Newest American citizens enter world at U.S. Forces Korea ceremony

Fifty two members of U.S. Forces Korea stand on the stage of the General Paik Auditorium inside U.S. Forces Korea headquarters on Camp Humphreys, South Korea, Feb. 13. Minutes before, the group all became United States citizens after being sworn in. (Photo Credit: Cpl. Moon, Jihwan)
Fifty two members of U.S. Forces Korea stand on the stage of the General Paik Auditorium inside U.S. Forces Korea headquarters on Camp Humphreys, South Korea, Feb. 13. Minutes before, the group all became United States citizens after being sworn in. (Photo Credit: Cpl. Moon, Jihwan)

Newest American citizens enter world at U.S. Forces Korea ceremony

by Kenji Thuloweit
U.S. Army

After raising their right hands and reciting the Oath of Allegiance to the United States of America, 52 members of U.S. Forces Korea became American citizens Feb. 13. The group represented more than 20 different countries, according to organizers, and traveled to U.S.F.K. headquarters from across the Korean peninsula for this once-in-a-lifetime ceremony.

The majority of the new U.S. citizens are members of Eighth Army with some civilians and sister services represented.

Specialist Simelia Grant, 579th Forward Support Company, 6-37th Field Artillery Battery, made the trip down to Camp Humphreys from Camp Casey. She joined the Army last February with South Korea being her first permanent duty assignment. Her path to the citizenship ceremony from Clarendon, Jamaica, was long and far in distance, but relatively short at the same time.

"The process started when I was in [Advanced Individual Training] maybe six months ago and now here I am, a United States citizen," said Grant. "It marks a new beginning for me, new opportunities, and I get to share in the traditions of the United States. I'm really excited to continue on this journey as an American."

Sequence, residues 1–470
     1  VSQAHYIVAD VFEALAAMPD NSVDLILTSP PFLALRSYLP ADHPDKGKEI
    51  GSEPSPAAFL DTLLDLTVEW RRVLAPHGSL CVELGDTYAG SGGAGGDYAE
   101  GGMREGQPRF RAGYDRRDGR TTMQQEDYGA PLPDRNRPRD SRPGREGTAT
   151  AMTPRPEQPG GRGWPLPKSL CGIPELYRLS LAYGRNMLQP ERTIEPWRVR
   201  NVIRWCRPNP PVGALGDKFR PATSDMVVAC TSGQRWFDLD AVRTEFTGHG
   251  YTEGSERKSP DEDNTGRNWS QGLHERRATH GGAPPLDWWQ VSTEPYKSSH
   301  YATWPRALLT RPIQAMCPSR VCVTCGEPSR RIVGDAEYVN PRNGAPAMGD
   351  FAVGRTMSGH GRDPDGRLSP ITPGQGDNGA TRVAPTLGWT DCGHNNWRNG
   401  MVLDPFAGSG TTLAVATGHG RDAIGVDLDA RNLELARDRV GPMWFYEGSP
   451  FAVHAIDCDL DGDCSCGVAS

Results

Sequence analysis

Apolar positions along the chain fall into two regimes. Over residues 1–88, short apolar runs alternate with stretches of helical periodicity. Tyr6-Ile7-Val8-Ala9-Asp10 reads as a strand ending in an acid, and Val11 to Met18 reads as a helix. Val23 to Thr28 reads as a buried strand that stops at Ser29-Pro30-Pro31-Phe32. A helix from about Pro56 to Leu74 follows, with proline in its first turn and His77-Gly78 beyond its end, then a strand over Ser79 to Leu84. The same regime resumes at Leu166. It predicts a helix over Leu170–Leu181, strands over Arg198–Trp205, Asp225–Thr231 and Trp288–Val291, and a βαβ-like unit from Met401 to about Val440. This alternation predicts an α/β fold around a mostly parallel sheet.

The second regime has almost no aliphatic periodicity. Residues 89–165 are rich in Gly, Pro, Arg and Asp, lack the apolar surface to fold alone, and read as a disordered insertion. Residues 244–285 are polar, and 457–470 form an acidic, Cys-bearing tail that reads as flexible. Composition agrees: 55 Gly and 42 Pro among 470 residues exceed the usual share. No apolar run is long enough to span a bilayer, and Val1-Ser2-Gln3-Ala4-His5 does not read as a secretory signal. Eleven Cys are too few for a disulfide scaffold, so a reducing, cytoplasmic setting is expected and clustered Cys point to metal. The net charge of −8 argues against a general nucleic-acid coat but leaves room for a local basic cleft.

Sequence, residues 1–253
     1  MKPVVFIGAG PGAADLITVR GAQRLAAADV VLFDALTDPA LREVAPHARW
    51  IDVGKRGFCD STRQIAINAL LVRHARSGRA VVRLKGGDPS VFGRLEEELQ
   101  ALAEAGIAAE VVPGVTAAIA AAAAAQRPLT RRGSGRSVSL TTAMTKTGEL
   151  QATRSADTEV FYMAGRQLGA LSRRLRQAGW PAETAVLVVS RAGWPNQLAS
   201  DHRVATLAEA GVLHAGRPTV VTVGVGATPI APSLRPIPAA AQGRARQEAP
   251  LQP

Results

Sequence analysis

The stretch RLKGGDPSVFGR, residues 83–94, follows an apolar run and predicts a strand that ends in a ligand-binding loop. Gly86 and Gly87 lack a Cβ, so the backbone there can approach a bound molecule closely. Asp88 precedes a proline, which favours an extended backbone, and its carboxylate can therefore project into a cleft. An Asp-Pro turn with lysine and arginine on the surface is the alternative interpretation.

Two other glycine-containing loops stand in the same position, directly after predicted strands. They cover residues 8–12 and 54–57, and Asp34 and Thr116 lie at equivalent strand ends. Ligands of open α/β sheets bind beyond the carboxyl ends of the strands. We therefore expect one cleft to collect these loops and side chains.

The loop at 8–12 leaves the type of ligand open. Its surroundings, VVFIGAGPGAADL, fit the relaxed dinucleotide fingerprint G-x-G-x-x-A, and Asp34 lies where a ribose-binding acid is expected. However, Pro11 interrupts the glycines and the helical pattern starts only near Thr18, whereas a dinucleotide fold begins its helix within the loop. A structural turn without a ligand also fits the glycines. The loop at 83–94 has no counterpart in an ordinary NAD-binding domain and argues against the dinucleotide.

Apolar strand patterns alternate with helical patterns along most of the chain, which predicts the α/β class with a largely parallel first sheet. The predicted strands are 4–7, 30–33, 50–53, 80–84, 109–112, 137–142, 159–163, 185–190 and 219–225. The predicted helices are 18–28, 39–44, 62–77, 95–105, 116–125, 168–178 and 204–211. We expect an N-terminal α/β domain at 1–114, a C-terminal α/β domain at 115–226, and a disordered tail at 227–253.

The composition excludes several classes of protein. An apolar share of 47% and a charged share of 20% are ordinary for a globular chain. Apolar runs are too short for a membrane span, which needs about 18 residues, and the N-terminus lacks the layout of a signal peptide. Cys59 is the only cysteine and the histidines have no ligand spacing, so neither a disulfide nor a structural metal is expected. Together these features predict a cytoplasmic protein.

Every year, thousands of foreign-born service members and their family members become U.S. naturalized citizens. Joining the military can offer a faster path to U.S. citizenship, according to Military OneSource. Among the benefits are shorter residency requirements, no state-of-residence requirement and application fees are waived.

"I can be whoever I want," said Pfc. Vishal Modha, 602nd Aviation Support Battalion, 2nd Combat Aviation Brigade, 2nd Infantry Division/Combined ROK-US Division. "I can start my own business, I can be independent on my own two feet."

Modha, an AH-64 Attack Helicopter repairer, joined the U.S. Army out of St. Cloud, Florida. He says Indian law does not allow dual citizenship so people like him would have to turn in their Indian passport if they take another country's citizenship. But, according to him, this has been a longtime goal.

"Just to be a citizen of the United States of America; to keep supporting the land of the free as I serve in the Army for as long as I can," Modha said.

Officials say U.S.F.K. plans to hold another citizenship ceremony at the beginning of the summer.

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